NewsCovering Colorado


Windstorm aftermath warning: be cautious in open space parks

Logs and stumps from windstorm cleanup
Posted at 11:00 AM, Dec 18, 2021
and last updated 2021-12-18 13:00:30-05

COLORADO SPRINGS — There is a warning to be careful this weekend as people venture outside. Clean-up from the destructive windstorm continues, and downed trees along with debris may pose hazards in local parks and open spaces.

Along the midland trail, a section near 26th Street now has massive logs and stumps on either side of the popular urban trail. A day earlier the trail was completely blocked by a tree toppled during the windstorm. It became a priority, yet abbreviated project, for crews with Colorado Springs Parks. "Really pushing trees out of the way, cutting areas between large trees like you see here in order to keep trail movement going,” said Colorado Springs Parks Regional Manager, Scott Abbott. “Then we'll come back secondarily and try to clean up a lot of the debris."

"We want people to be extremely careful over these next few weeks," said Abbott. A lot of work is still ahead for crews with parks. They are prioritizing, with safety hazards getting top priority.

Knowing that all issues have been found is difficult in locations like open space parks. "The public can help us because we know we have ultra-users out there and we know folks are going to be along their favorite trails and in their favorite park,” said Abbott, “So, we really encourage folks to report downed trees you see across trails."

A phone call works, but reports through the GoCOS app are proving better. "We've seen a lot of great adoption in the community of using the GOCOS app," said Colorado Springs Community Engagement Specialist, Jason Anderson. The day after the windstorm nearly 120 downed trees were reported through the app.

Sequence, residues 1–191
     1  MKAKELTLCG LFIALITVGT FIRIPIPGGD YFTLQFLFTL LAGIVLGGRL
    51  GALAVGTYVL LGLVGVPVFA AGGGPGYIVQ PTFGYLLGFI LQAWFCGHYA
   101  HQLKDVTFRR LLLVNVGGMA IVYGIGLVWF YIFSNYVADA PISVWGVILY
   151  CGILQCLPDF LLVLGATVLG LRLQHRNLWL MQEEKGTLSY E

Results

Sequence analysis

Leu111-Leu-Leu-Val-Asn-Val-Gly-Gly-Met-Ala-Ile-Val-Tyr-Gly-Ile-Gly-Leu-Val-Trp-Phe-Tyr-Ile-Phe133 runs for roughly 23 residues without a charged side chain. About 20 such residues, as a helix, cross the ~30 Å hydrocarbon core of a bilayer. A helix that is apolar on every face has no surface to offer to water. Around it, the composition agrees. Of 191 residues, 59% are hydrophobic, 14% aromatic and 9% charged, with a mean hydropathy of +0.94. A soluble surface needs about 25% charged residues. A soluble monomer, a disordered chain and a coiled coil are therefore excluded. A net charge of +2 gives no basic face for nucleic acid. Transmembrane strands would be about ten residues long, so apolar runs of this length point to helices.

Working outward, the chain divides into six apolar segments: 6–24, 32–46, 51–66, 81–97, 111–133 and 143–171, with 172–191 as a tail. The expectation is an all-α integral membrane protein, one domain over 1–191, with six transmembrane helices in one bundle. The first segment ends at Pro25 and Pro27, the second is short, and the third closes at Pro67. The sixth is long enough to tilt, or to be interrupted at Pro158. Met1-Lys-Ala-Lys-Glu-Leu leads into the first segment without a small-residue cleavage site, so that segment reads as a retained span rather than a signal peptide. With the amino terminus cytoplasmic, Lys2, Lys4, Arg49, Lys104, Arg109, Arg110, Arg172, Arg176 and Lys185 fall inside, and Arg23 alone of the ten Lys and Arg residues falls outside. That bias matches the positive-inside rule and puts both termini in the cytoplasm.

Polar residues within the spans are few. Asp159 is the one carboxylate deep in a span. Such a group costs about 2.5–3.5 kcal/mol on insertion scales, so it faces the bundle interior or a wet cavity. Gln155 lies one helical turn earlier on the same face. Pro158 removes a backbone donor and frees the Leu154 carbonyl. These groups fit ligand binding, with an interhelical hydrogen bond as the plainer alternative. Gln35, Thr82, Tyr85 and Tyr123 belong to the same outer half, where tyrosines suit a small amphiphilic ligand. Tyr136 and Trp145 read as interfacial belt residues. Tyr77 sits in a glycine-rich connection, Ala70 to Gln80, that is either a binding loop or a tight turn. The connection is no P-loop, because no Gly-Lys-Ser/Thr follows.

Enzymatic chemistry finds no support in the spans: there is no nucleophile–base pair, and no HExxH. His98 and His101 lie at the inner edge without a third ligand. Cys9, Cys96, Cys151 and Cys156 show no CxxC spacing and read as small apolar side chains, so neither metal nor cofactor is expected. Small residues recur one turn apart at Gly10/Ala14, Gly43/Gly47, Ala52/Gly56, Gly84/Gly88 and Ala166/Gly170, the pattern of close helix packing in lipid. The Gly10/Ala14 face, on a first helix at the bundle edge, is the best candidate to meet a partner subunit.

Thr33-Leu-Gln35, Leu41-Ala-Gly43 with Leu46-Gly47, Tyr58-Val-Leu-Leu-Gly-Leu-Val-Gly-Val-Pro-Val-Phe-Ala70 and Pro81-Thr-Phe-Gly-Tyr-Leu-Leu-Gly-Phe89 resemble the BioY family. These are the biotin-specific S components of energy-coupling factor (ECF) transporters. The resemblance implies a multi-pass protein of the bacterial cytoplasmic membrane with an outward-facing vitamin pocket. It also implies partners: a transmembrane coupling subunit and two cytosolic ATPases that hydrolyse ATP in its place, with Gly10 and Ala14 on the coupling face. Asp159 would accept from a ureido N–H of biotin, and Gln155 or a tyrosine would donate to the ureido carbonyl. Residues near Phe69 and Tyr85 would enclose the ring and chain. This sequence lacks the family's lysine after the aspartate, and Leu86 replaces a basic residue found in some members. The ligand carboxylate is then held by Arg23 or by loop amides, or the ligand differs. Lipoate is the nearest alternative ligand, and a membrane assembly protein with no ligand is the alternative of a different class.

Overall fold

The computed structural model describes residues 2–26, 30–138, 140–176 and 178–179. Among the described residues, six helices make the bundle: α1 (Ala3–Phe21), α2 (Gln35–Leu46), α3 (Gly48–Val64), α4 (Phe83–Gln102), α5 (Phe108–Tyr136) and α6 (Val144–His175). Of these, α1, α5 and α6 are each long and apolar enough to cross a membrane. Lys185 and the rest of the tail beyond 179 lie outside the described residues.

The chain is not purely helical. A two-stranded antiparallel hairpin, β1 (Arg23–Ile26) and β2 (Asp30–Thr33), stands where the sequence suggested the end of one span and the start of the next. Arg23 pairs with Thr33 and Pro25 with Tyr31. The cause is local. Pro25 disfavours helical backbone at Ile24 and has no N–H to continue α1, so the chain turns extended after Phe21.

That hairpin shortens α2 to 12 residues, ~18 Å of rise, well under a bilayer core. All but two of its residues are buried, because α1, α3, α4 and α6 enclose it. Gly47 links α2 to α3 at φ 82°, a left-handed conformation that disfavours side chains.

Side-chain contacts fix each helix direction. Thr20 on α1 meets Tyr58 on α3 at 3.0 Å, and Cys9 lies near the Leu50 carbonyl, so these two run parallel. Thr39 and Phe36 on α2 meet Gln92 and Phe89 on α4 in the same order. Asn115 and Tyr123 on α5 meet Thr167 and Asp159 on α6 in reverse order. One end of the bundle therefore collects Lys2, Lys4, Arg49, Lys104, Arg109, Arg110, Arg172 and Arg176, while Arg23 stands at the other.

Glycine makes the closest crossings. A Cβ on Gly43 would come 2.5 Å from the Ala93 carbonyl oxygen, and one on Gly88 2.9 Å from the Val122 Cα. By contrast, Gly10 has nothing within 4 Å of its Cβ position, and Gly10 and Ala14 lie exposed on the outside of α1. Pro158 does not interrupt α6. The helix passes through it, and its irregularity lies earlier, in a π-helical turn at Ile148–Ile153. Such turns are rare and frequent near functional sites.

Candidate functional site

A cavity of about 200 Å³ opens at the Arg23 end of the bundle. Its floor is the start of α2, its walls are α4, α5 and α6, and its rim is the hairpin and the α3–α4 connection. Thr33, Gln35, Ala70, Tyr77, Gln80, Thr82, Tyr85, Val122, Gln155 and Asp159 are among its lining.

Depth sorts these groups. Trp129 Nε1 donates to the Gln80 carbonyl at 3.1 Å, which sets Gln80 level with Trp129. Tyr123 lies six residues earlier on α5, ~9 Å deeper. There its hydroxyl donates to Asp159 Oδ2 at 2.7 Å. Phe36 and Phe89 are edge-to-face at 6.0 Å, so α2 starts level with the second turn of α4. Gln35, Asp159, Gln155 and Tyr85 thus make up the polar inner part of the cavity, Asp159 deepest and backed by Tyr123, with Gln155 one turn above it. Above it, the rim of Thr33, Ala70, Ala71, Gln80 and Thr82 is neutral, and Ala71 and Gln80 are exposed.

It is also likely some think an issue they have spotted has already been reported. Anderson said to not assume a downed tree has been reported. It is better to get multiple reports than have something missed.

When citizens use the app to report non-emergency situations it keeps call-takers free to deal the most urgent situations.

Information that arrives through the app is also easily converted into helpful information. For example, maps can be created showing areas with the most damage.

windstorm hot zone map
Map showing areas with downed treed in Colorado Springs

"We can be a lot more targeted and strategic about putting our city resources to work to help our community," said Anderson. From most smart phones a report can include a picture and GPS coordinates which are helpful for pinpointing locations in areas like open space parks.